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July 14, 1980

Patricia R. HARRIS, Secretary of Health, Education and Welfare

The opinion of the court was delivered by: GILES


In this action, filed pursuant to Section 205(g) of the Social Security Act, 42 U.S.C. 405(g), plaintiff, Theodore Capoferri, seeks review of the final decision of defendant, Secretary of Health, Education and Welfare ("Secretary") denying his claim for a period of disability and disability insurance benefits. Defendant has moved for summary judgment. Plaintiff has filed a motion for remand for the taking of additional evidence. The issues before the court are (1) whether there is substantial evidence to support the Secretary's final decision, and (2) whether plaintiff has established "good cause" for remand.

 For the reasons set forth below, the court grants defendant's motion for summary judgment and denies plaintiff's motion for remand.

 Plaintiff, a fifty-nine year old man, filed an application for disability benefits on April 24, 1978, alleging that he has been disabled since December 1, 1973. Having last met the earnings requirement for purposes of entitlement to disability benefits in September, 1974, the relevant period of alleged disability is December 1, 1973, to September 30, 1974, when plaintiff was approximately fifty-three years old. Initially, plaintiff's claim was denied, and again, on reconsideration by the Pennsylvania state agency. He thereafter requested an administrative hearing, which was held before an Administrative Law Judge ("ALJ") on April 10, 1979. Plaintiff appeared at the hearing, accompanied by his wife and represented by counsel.

 The ALJ entered an opinion on April 27, 1979, finding that plaintiff was not disabled. This became the final decision of the Secretary when the Appeals Council refused plaintiff's request for review of the administrative hearing decision.

 During the period in question, plaintiff was fifty-three years old. He had a ninth-grade education and was employed as a house painter from 1943, when he was discharged from the Army, until 1973. In that last five-year period, 1968-1973, plaintiff was self-employed because he felt unable to work full time for contractors.

 The medical evidence may be briefly summarized as follows:

 Between 1966 and 1968, plaintiff was treated for a cervical arthritis condition by Dr. W. Glocher. This medical condition was improved through traction and use of the drug Butazolidin. In a medical report dated September 21, 1971, Dr. N. Hauser, a radiologist, stated that x-rays of plaintiff showed marked right rotary scoliosis of the lumbar spine and evidence of degenerative disc disease. On October 6, 1971, Dr. Robert J. Byrne reported that a recent examination of plaintiff had indicated a range of motion of the lumbar spine limited to 50% of normal, an ability to bend forward to within eight to ten inches of the floor, and hyperextension limited to 30% to 40% of normal. Plaintiff acknowledged in the medical history that he had always had curvature of the back and had long had discomfort in that area. His right leg was noted to be 3/4 inch shorter than his left leg. Dr. Byrne's prognosis was that the scoliosis was permanent and the disc problem was progressive.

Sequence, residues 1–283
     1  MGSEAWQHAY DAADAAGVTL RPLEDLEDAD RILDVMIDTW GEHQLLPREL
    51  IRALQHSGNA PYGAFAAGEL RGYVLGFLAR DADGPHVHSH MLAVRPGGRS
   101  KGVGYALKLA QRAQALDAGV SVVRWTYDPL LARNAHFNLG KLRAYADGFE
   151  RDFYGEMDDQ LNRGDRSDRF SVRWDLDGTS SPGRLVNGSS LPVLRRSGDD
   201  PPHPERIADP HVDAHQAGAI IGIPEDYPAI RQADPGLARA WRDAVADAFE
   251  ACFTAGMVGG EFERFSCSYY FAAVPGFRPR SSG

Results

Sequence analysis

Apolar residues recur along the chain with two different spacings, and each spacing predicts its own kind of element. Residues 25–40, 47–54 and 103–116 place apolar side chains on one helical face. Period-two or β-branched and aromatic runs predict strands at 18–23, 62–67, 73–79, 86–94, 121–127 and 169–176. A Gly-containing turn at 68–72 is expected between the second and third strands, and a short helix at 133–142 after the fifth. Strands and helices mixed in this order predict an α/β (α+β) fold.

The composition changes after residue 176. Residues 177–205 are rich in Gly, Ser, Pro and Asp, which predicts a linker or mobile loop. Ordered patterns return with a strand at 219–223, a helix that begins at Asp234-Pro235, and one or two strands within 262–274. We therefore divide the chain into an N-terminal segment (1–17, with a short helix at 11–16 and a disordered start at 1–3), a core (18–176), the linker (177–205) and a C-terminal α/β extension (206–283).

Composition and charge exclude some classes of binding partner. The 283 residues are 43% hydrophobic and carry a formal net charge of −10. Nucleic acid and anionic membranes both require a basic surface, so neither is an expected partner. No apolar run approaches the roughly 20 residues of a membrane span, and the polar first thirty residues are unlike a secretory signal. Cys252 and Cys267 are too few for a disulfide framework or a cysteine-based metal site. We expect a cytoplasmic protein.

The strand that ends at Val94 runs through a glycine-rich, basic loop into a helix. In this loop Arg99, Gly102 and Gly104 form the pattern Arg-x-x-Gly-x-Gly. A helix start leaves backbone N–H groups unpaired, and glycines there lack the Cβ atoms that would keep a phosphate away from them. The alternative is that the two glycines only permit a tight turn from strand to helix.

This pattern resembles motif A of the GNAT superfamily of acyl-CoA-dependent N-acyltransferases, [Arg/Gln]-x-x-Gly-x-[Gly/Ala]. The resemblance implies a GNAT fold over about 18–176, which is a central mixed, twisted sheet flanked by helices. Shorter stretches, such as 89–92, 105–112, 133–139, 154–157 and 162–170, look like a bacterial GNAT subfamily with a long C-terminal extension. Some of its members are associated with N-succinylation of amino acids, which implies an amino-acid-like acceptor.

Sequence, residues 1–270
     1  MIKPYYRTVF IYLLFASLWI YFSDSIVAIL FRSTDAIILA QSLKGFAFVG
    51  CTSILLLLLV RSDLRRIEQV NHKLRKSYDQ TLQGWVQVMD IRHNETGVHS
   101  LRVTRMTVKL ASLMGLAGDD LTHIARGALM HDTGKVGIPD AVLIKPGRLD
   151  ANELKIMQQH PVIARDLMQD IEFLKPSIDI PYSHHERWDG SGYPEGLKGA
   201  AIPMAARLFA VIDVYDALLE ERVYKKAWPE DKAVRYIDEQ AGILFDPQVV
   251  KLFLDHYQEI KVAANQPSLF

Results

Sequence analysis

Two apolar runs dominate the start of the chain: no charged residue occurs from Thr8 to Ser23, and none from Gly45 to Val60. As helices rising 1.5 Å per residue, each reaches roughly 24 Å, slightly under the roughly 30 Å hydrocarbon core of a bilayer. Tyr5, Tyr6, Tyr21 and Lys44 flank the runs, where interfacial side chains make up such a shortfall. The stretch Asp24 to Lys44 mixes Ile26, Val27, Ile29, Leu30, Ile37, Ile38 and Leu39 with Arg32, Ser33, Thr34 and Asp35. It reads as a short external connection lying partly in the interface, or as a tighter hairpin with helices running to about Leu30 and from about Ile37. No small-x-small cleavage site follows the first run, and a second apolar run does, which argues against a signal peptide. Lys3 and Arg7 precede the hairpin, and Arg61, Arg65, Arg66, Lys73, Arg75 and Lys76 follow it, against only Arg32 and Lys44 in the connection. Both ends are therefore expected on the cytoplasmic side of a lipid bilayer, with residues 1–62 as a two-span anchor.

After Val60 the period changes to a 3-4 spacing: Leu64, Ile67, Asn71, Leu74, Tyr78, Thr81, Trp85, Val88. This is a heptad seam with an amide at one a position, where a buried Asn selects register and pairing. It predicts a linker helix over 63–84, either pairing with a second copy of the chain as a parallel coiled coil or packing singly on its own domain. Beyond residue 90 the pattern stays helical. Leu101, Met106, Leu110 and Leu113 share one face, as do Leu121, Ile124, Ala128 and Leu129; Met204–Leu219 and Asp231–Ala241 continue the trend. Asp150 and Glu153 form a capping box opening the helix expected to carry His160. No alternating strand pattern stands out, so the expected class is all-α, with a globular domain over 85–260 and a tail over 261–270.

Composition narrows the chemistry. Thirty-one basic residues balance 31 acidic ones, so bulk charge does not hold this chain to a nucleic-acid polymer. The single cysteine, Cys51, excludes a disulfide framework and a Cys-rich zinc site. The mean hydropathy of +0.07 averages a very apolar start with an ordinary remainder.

Plaintiff contends that his condition of right rotary scoliosis and degenerative disc disease rendered him disabled beginning December 1, 1973, and that the adverse finding of the Secretary was not based on substantial evidence, the ALJ conducted his hearing in a prejudicial manner, and additional evidence in the form of five sworn statements (one from the Montgomery County Clerk of Court, three from former employers, and one from Dr. Elliot Menkowitz) warrants a remand.

 Section 205(g) of the Social Security Act provides that "the findings of the Secretary as to any fact, if supported by substantial evidence, shall be conclusive." 42 U.S.C. 405(g). Judicial review of the Secretary's factual determinations is limited solely to ascertaining whether they are supported by substantial evidence, Richardson v. Perales, 402 U.S. 389, 91 S. Ct. 1420, 28 L. Ed. 2d 842 (1971), and if so, the Secretary's decision must be affirmed even though the record may also support a contrary conclusion. DeNafo v. Finch, 436 F.2d 737 (3d Cir. 1971). However, the reviewing court has a duty to make a searching investigation of the record in order to determine whether the Secretary's decision is supported by substantial evidence and whether it was made in accordance with the proper legal standards. Gold v. Secretary of Health, Education & Welfare, 463 F.2d 38 (2d Cir. 1972). See also Lincovich v. Secretary of Health, Education & Welfare, 403 F. Supp. 1307 (E.D.Pa.1975). The Supreme Court has characterized substantial evidence as "such relevant evidence as a reasonable mind might accept as adequate to support a conclusion." Richardson v. Perales, 402 U.S. at 401, 91 S. Ct. at 1427.

 In this case, the definition of disability as contained in the Social Security Act provides the correct legal standard. 42 U.S.C. ยง 423 (1976) reads, in pertinent part:

(d)(1) The term "disability" means --
(A) inability to engage in any substantial gainful activity by reason of any medically determinable physical or mental impairment which can be expected to result in death or which has lasted or can be expected to last for a continuous period of not less than 12 months;
(B) ...
(2) For purposes of paragraph ...

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